Star Wars: Episode VIII : The Last Jedi by Jay Seaver
Darkest Hour by Jay Seaver
Shape of Water, The by Jay Seaver
I, Tonya by Rob Gonsalves
Wonder Wheel by Peter Sobczynski
Three Billboards Outside Ebbing, Missouri by Rob Gonsalves
Swindlers, The by Jay Seaver
Oro (Gold) by Jay Seaver
Disaster Artist, The by Peter Sobczynski
Explosion by Jay Seaver
Lucky (2017) by Rob Gonsalves
Breadwinner, The by Jay Seaver
Endless, The by Jay Seaver
Valerian and the City of a Thousand Planets by Rob Gonsalves
Roman J. Israel, Esq. by Peter Sobczynski
Coco (2017) by Peter Sobczynski
Prey (2017) by Jay Seaver
Lu Over the Wall by Jay Seaver
Three Billboards Outside Ebbing, Missouri by alejandroariera
Three Billboards Outside Ebbing, Missouri by Peter Sobczynski
subscribe to this feed
|VIFF 2015 Interview: THE DEVOUT director Connor Gaston
by Jason Whyte
THE DEVOUT - At VIFF 2015
"THE DEVOUT is about a man's crisis of faith when he begins to believe that his terminally ill daughter was an Apollo 1 astronaut in a previous life." Director Connor Gaston on THE DEVOUT which is screening at the 2015 Vancouver International Film Festival.
Is this your first VIFF experience and will you be in Vancouver to attend your screenings?
My short film GODHEAD screened at VIFF last year. I'm very excited to be invited back to Vancouver with my first feature. Unfortunately I won't be able to attend my own screenings because I will be South Korea for the Asian premiere of THE DEVOUT.
Although I know your personal backstory, tell our readers a bit about yourself and your background.
I went to the University of Victoria to study screenwriting and turned to directing when words on a page didn't cut it. BARDO LIGHT, my first short film, premiered at the Toronto International Film Festival in 2012. GODHEAD, my latest short film, premiered at TIFF in September 2014 and won Best Student Film at Whistler Film Festival. I've recently graduated with an MFA in screenwriting from UVic. THE DEVOUT is my first feature.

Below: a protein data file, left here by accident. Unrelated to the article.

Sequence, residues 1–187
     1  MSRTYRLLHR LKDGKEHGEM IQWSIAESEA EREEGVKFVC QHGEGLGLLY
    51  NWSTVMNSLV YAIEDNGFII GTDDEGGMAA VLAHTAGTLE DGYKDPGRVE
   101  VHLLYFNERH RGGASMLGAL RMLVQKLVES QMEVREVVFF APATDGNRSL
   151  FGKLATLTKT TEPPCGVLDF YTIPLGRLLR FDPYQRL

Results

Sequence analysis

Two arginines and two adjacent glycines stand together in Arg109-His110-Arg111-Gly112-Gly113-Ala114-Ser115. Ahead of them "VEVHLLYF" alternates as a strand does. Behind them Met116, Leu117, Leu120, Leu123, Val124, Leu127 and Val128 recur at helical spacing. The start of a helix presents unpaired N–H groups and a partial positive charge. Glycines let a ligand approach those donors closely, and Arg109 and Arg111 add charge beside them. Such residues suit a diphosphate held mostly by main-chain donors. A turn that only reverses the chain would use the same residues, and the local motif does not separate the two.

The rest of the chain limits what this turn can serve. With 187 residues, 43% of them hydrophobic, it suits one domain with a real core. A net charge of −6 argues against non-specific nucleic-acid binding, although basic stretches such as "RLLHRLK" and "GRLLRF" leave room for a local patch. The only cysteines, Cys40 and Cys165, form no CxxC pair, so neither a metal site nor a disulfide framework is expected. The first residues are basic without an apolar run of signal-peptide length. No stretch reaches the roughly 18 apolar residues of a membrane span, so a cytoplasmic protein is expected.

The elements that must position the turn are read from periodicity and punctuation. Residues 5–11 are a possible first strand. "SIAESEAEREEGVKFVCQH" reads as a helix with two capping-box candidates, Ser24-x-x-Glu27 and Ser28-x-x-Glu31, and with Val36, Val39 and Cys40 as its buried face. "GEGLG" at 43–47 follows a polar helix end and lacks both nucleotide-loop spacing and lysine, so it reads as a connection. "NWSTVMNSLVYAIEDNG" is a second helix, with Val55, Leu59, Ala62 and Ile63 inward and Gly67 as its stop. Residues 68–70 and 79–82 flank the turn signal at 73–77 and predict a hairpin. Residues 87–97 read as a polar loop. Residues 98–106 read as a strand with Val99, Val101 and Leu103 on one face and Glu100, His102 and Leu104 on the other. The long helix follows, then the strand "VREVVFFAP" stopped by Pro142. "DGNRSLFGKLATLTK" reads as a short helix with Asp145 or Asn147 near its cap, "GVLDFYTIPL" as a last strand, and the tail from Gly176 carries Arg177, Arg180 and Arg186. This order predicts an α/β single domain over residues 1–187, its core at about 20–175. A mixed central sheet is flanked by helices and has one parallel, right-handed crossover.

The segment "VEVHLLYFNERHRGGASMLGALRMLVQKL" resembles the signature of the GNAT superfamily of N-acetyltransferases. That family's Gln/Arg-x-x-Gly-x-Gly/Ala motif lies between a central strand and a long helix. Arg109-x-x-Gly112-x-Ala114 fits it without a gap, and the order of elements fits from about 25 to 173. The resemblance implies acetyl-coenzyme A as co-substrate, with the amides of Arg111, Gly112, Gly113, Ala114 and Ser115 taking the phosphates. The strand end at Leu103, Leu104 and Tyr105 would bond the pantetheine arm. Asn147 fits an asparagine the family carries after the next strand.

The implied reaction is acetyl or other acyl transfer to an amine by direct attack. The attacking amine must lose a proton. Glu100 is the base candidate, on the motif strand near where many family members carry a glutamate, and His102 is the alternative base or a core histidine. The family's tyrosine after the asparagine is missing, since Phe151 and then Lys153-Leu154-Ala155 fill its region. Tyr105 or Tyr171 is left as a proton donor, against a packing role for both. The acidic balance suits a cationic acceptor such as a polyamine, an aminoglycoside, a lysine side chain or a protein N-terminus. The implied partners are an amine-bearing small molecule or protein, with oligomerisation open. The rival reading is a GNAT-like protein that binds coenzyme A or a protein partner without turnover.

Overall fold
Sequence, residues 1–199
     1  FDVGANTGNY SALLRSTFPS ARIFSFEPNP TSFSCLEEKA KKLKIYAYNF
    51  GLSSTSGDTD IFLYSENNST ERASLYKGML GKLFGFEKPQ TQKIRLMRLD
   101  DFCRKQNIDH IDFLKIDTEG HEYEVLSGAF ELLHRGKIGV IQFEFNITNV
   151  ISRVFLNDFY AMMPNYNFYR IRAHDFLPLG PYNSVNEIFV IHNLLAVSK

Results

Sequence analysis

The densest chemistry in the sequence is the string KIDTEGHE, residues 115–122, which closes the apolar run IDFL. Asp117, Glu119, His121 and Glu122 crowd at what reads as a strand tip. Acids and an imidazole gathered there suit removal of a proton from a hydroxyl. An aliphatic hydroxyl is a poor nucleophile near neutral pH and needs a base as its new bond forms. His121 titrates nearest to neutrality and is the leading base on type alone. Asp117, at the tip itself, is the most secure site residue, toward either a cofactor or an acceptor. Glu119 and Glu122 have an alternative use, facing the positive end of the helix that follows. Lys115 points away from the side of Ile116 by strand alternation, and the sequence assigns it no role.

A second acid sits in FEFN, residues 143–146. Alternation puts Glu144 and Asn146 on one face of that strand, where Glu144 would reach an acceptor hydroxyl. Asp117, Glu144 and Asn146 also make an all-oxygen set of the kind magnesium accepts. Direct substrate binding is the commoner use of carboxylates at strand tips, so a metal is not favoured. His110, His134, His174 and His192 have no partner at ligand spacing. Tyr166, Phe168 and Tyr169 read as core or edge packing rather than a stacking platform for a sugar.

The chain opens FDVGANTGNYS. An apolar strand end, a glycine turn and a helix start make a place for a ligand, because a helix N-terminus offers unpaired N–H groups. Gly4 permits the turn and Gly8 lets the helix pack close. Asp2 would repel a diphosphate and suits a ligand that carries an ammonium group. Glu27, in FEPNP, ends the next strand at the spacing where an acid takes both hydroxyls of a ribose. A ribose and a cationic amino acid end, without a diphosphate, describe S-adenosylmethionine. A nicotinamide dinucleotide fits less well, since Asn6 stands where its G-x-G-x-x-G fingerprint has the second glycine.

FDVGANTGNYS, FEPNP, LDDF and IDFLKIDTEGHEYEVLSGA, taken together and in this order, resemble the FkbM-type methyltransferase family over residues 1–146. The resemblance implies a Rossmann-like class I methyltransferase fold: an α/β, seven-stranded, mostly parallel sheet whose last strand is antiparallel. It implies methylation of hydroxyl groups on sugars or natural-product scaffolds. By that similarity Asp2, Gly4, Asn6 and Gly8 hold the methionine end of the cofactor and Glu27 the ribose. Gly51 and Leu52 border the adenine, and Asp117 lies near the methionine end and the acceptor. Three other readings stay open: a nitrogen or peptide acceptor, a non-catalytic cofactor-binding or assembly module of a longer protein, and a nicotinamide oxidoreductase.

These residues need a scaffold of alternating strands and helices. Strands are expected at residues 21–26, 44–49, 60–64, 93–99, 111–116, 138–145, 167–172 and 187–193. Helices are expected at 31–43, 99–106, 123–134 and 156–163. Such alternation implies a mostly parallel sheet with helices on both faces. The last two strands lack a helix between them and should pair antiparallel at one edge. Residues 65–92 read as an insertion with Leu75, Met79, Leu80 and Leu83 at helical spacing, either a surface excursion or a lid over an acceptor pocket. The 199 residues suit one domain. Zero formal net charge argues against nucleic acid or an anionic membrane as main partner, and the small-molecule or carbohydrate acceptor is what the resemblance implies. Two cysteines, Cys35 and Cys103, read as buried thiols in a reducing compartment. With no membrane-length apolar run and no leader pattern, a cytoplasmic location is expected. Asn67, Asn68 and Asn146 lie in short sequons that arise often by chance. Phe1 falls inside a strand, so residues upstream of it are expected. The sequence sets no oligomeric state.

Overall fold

With all of your background work and shorts before this, how did THE DEVOUT get its start?
What a big question. I guess it all started with the script, which was my Master's thesis project. Maureen Bradley was my advisor, and she helped shape the script into something worthy of going to camera. I somehow convinced local producer Daniel Hogg to come onboard, and we were lucky enough to win the Telefilm Micro-budget Award. All of sudden fear sets in; I have to actually make this thing. Fortunately, Dan and I know a load of talented people who came on board to make this film happen.
I met Ali Liebert during a pitch contest at Whistler Film Festival. She was a judge. I didn't win the pitch, but Ali came up to me after gave a bunch of positive feedback. Last year at VIFF, I ran into her at a party. I told her about my feature script and asked if she'd read it. The next day, I get a phone call. "I'll do it." Once Ali was on board, a lot of the key cast followed, including Gabrielle Rose and the lead of the film, Charlie Carrick. I still can't believe how we landed such a great cast. I wonder what the film would have been if I hadn't met Ali in Whistler.
Once we neared production, we confirmed key crew members: cinematographer Daniel Carruthers, production designer Jesse Cattle, casting director Judy Lee, Composer Gilles Maillet, and producer Amanda Verhagen. I'm missing a ton of amazing, dedicated people. The crew really made the film what it is.
While you are working on a movie, what keeps you going? What drives you? Youthful energy?